Translation Not Found (vacation complications)

Translation Not Found

JFK was exquisitely cold and empty at 1 am on a random Thursday as we stepped off the plane into a baggage claim area that was bustling in spite of the hour. Thirty-five minutes of staring up at the baggage escalator had done nothing to produce our second bag, my bag. We both joked about how losing her bag would’ve been a disaster. Mine? No problem.

Still, we had another hour of fiddling with the JetBlue Central Baggage Services office. “This is going to be a shitshow,” I said, as we walked the length of the terminal to the short line of bagless folks looking to be rescued by the sleepy staff.

And sure enough, one tragedy after another wandered towards the office, asked a question of the security guard sitting behind a desk, and got in line behind us. Bags, unclaimed bags, were everywhere, packed behind the row of customer service desks, cordoned off in the hallway, and coming in on carts in huge piles, every few minutes. They slowly, sleepily, put all of the homeless bags into a large storage closet. Bags, untethered, by the hundreds, ending up in the dark locker, and locked down.

Where did all these bags come from? And where were their owners? And what’s the deal with the entire Eastern Indian family enclosed in their small fort of matching green bags? They seemed to have been there all day, like a feral pack of small animals.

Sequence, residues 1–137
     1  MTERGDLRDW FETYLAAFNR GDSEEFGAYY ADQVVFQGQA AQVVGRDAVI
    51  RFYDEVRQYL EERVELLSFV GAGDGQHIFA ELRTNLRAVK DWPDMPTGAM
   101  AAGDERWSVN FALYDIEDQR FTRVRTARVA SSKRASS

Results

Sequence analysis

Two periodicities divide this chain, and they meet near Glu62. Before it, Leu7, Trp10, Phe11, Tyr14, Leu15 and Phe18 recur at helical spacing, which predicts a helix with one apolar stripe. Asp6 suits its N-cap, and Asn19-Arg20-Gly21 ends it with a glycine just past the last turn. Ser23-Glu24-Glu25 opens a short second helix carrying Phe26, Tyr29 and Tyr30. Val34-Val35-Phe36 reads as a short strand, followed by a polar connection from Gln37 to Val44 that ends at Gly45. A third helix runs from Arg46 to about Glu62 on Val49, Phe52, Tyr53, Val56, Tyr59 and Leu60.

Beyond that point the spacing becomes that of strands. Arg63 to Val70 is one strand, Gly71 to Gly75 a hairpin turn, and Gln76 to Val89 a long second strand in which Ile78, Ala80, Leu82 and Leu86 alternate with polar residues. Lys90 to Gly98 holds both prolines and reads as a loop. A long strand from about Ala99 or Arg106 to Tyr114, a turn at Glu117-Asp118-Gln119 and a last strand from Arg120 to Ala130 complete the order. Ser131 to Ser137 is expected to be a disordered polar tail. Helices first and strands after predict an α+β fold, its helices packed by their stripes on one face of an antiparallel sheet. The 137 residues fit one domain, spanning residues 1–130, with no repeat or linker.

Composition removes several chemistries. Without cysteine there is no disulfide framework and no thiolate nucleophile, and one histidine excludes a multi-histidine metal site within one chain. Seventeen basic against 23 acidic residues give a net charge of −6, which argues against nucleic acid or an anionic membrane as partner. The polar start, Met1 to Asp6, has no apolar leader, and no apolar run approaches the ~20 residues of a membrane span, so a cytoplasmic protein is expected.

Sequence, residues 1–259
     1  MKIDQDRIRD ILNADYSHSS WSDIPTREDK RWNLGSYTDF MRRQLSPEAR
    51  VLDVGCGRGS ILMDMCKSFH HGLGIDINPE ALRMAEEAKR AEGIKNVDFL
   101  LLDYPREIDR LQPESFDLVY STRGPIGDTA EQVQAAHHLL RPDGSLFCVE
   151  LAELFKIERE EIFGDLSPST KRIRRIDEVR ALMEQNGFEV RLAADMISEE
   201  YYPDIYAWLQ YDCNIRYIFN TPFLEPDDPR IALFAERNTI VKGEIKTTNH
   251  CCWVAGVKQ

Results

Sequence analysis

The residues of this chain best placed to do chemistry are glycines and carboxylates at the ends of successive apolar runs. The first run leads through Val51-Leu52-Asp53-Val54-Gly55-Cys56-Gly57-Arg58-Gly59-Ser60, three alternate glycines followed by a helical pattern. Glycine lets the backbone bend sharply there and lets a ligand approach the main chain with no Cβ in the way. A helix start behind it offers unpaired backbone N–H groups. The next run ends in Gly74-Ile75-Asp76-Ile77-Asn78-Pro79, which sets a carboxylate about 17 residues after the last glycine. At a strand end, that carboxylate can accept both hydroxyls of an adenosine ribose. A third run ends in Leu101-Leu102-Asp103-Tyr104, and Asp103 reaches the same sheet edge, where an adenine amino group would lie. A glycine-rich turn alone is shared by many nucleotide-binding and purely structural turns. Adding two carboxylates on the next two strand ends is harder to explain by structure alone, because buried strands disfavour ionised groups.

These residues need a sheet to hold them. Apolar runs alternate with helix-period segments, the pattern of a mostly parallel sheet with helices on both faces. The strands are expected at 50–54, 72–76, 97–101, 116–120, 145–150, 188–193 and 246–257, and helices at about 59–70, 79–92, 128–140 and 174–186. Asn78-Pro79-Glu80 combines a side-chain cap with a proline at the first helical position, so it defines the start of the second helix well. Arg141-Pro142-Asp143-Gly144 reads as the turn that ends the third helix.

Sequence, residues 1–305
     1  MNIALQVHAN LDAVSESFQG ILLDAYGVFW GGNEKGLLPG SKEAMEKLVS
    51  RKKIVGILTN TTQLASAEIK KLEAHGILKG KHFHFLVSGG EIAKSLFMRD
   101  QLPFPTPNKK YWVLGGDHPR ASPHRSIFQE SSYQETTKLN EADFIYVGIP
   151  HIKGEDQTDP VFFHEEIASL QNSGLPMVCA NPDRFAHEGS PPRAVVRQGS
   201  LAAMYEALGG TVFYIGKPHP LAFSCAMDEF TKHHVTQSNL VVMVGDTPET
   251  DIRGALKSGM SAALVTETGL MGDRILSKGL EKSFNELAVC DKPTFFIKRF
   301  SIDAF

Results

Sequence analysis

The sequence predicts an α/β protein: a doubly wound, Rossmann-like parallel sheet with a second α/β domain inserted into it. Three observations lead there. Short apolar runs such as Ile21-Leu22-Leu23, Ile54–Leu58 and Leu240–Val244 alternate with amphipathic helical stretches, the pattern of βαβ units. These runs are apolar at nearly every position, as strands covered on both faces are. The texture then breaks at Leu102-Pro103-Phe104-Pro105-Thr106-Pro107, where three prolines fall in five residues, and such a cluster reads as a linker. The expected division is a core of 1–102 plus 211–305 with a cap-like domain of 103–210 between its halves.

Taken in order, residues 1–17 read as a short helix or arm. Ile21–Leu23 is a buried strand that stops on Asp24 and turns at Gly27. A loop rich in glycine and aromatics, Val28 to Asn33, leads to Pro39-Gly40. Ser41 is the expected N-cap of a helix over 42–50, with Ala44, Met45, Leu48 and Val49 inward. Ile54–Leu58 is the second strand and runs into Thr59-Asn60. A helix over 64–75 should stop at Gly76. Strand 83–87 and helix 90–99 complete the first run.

I was inconvenienced. I was drowsy and unsympathetic. And at the same time, heartbroken. There was nothing I could do about the flood of incoming bags, as the agent said to me, “Your bag did not make the plane. Please fill out this form with your contact information.”

The big mystery and talk of the staff was the lone bag near carousel 5 that was leaking a blood-like fluid. Even the baggage guys coming in with mountains of bags, didn’t want to pick up the bag that would certainly require forms, inspections, and possibly feelings.

We were all ghosts at 2 am looking for our lost bags, true. Some of us were passing through. Some of us were lost. Some of us would be returning day after day to the same crisis. We never did figure out what the security woman was doing and why she seemed so miffed when she had to talk to anyone.

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